bay, as well as other places. so i think that the number 3 is useful enough in order not to complicate routes, and so forth, for our participation at smith-kettlewell. thank you [ applause ] >> thank you, next speaker, please. [ reading speakers' names ] >> good afternoon. >> good afternoon, john decastro from the neighborhood association. a couple of things that i wanted to comment on. the eastern neighborhoods plan called for approximately 3500 housing units to be approved by
2015 in potrero hill and dog patch. it's going to be a problem, because you have got a lot of hills. we'll be happy to do the same thing that my friend miss kirschenbaum suggested by giving you a working tour. my wife is disabled and they drives everywhere, because the buses don't have low floors and my card is the clipper card; which is what you want me to do. we have got the proposed changes of the 22 to motorcoachs, an interim step to get around caltrain and gets
people to transfer at church street to the 22 motorcoach, which is going to cause issues there. so i think potrero needs to be accelerated a little bit. i talked to mr. haley about the need to come to the boosters meetings and also mr. kennedy and see if we can get something together soon and mr. reiskin, you might want to join the party. thank you for your time. [ applause ] >> next speaker, please. [ reading speakers' names ] >> good afternoon. >> good afternoon. my name is gloria million and i will not repeat several of the important issues brought up by just about everybody, the aging population of this city and lessening parking spaces and i'm here to speak for the j
church, that i understand is being considered to be eliminated. i live in an area that is served by j church, which also serves a lot of very steep hills. i live in the particular section of liberty street, where at least i know of three disabled young -- i say young ladies, who would take the j church. they all have crutches. and one of the issues that i just don't quite understand is why we're even thinking about eliminating any of these stops, when i thought that the public transportation's main aim was to public transportation used by just about everybody. i am sure one answer that will come easily to some of you, most of you is that we have got to cut the budget; there is not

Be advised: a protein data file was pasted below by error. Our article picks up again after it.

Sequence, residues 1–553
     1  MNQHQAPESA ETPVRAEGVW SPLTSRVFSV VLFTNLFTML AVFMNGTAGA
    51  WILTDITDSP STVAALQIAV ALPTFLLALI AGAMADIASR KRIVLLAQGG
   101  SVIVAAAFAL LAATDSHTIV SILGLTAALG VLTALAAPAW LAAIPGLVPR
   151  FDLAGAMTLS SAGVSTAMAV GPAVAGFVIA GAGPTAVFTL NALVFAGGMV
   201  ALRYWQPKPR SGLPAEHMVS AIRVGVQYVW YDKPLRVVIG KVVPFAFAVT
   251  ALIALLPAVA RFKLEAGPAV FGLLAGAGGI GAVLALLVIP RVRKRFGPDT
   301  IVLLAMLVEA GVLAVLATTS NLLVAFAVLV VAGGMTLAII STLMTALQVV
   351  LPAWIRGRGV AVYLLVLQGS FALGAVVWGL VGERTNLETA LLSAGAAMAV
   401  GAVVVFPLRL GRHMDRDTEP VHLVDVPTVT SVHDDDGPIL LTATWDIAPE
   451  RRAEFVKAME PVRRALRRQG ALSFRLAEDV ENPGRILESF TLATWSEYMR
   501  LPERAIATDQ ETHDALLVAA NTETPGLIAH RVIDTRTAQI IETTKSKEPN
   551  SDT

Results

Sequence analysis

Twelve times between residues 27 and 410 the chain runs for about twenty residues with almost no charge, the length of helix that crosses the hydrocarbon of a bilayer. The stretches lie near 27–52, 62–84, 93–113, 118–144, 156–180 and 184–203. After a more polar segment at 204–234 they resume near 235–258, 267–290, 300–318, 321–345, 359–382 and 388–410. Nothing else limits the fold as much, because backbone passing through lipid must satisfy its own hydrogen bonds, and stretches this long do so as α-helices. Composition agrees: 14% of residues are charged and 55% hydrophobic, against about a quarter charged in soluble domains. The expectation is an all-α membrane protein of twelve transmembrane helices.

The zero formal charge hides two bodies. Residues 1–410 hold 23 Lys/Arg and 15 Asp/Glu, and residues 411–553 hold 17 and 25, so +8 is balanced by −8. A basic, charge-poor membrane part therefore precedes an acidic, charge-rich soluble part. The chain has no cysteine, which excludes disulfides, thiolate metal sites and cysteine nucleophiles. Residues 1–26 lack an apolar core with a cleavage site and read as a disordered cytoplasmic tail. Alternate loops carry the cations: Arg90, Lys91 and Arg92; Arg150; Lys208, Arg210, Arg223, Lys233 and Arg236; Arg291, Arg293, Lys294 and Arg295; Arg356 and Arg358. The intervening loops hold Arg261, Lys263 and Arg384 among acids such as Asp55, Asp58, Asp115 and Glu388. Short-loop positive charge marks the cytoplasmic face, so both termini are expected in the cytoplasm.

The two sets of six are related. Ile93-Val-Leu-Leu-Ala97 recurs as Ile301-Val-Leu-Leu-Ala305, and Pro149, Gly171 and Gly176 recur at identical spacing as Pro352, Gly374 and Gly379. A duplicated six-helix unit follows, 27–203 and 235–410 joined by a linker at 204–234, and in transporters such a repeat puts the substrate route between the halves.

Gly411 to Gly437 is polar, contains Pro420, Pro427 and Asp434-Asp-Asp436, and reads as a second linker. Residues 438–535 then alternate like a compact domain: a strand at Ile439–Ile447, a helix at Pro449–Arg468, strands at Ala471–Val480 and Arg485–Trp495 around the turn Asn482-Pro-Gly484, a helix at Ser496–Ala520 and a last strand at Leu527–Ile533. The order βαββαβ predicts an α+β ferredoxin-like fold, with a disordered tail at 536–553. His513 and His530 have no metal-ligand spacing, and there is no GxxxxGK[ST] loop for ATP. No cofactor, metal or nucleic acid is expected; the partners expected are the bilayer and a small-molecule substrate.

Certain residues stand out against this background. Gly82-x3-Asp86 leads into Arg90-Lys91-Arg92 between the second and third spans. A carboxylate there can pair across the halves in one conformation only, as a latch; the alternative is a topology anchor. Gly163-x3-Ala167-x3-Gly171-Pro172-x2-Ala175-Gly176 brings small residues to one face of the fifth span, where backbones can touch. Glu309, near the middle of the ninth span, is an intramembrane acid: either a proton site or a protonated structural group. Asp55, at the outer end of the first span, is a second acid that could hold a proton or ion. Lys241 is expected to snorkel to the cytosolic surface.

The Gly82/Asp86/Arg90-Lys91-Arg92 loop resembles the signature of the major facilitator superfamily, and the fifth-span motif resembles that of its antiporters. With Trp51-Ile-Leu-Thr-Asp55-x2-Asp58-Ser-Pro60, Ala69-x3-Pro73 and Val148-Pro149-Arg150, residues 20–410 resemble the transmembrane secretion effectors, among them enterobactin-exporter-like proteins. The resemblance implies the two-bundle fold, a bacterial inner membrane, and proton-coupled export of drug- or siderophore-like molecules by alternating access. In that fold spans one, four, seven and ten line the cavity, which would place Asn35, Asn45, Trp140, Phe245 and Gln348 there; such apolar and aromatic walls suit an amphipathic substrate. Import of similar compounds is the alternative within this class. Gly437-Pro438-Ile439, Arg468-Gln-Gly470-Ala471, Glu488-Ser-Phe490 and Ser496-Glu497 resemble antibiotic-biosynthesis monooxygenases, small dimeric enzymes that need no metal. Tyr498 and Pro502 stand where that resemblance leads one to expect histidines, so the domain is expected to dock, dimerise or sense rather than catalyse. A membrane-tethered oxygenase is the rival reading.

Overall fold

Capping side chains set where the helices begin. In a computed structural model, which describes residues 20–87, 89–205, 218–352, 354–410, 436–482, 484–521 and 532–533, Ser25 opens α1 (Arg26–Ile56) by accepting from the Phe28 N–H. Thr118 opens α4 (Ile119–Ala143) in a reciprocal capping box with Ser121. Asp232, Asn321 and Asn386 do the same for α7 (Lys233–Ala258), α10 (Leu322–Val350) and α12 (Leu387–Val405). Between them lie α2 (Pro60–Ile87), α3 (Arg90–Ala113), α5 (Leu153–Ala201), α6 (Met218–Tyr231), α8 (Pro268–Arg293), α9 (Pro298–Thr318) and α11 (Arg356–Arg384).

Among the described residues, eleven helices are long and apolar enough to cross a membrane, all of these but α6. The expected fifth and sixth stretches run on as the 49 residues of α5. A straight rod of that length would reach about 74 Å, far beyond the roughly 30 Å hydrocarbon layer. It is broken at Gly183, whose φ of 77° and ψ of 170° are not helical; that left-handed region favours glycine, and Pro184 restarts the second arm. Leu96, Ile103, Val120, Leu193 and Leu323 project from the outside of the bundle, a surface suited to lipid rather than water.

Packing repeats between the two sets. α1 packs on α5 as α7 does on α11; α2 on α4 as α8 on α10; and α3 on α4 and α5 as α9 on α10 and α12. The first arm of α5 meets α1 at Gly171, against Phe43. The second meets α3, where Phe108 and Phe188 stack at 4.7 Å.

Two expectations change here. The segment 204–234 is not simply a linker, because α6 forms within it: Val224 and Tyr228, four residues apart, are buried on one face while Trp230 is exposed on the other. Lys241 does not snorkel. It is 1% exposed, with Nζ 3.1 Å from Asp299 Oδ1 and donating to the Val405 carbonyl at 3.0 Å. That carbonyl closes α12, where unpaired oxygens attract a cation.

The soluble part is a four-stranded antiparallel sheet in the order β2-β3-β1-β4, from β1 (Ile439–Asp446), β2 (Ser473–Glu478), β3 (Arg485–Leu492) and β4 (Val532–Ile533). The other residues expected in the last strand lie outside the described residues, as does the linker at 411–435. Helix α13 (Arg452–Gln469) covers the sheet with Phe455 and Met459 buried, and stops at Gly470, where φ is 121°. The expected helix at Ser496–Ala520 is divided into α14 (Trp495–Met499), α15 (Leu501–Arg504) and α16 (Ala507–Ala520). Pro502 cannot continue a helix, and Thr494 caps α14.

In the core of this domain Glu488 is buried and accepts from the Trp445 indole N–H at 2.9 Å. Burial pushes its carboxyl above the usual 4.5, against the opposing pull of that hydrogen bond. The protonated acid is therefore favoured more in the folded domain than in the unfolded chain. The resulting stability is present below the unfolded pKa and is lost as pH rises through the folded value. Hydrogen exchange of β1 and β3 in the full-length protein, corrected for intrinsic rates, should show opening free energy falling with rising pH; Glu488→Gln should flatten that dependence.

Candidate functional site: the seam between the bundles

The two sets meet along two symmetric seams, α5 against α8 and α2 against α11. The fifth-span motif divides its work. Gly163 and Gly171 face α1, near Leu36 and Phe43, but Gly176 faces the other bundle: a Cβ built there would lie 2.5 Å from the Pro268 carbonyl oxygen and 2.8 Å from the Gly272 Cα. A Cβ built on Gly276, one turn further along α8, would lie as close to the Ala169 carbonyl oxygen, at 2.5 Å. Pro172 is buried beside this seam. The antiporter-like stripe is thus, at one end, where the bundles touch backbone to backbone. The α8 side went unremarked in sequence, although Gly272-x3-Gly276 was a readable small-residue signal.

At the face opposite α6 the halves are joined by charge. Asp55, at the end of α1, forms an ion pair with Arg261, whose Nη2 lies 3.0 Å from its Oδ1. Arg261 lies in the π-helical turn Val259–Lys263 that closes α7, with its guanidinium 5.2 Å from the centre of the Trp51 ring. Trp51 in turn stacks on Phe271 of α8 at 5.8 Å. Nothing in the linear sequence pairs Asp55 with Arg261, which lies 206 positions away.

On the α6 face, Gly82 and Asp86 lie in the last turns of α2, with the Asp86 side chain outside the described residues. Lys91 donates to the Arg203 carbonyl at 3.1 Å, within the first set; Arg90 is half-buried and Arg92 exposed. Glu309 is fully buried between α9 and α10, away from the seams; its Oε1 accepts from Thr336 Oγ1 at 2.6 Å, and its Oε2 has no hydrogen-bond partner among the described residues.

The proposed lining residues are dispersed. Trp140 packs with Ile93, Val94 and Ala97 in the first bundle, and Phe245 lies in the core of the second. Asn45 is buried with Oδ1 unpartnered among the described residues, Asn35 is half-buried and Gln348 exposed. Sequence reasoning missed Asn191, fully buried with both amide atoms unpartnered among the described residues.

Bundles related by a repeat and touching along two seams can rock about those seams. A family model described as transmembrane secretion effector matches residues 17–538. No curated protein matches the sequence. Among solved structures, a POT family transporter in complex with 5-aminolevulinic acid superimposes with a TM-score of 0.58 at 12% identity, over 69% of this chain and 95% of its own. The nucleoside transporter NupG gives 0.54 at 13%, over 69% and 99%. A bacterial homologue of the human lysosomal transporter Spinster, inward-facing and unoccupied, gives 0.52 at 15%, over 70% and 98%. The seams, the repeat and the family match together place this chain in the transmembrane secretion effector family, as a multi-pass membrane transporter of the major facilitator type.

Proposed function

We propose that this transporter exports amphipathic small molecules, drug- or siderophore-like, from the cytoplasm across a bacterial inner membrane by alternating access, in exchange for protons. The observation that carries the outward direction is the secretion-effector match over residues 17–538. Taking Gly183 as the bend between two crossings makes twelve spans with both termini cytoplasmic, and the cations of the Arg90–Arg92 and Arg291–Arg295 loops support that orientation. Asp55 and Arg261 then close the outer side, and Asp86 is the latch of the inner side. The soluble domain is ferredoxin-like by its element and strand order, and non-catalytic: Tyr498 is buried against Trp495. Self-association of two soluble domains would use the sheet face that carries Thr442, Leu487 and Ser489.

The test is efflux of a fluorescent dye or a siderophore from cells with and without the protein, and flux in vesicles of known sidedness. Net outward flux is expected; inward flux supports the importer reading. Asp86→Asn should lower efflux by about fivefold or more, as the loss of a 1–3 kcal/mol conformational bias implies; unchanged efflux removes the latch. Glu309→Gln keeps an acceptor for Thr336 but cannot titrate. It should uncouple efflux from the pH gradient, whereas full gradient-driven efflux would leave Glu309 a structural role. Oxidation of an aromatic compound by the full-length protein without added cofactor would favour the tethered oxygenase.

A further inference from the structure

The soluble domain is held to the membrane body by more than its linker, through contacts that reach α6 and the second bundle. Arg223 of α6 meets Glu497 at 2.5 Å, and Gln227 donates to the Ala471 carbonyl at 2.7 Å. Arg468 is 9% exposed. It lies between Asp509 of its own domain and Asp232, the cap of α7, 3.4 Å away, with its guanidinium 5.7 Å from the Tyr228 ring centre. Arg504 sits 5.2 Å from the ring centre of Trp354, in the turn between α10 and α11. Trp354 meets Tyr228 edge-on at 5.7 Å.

enough money. well, i think public transportation should be the last item that should be cut. thank you. [ applause ] >> thank you. next speaker, please. [ reading speakers' names ] >> any of those folks here? >> is miss ford here? >> she stepped outside with the young man. >> christa tanaka. >> good afternoon. >> three cheers for the san francisco muni system. i think it's the best system in the whole country. i can get from any place that i want in san francisco. i have depended for 40 years on the no. 3, from the same location and please keep the no. 3. it's my lifesaver. so again, three cheers, wonderful system. thank you. [ applause ] >> thank you. is anyone else
to speak to this? and who else, miss boomer? >> that is the last person for whom i have a speaker card. >> good afternoon. >> good afternoon. i am a rider of the 3 jackson. and i almost also an academy of arts student. 3 jackson really means a lot to me, because even though you might say you have your own shuttle system, our shuttle system is so poor, it's unbelievable. i would be waiting for 20 minutes for a shuttle to show up and on the weekends it's even worse. i rely on 3 jackson, especially after it closes and when i have to go from 180 to montgomery -- and take up 3 jackson. that bus means a lot to me. i also live, like, on bush and leavenworth, one of the dorms over there.
you might say take the 27 bryant. i don't want to go on the 27 bryant. it's just messed up and i don't want to be part of that crowd. i just want to enjoy my ride home. definitely. and like walking -- like i used to live at sacramento and octavia. i would be forced to take the 1 or whatever, but then, like, i also heard, like, they are going to incorporate the 10 in that. and to do some of the part 3 jackson route, and i don't think anyone is able to sit there and just walk all over the place, you know? or just sit on the bus for 30, 40 minutes. that is all i have to say. and leave the 71 and the 6 alone. thank you. [ applause ] >> thank you very much. that concludes the public comment at this point.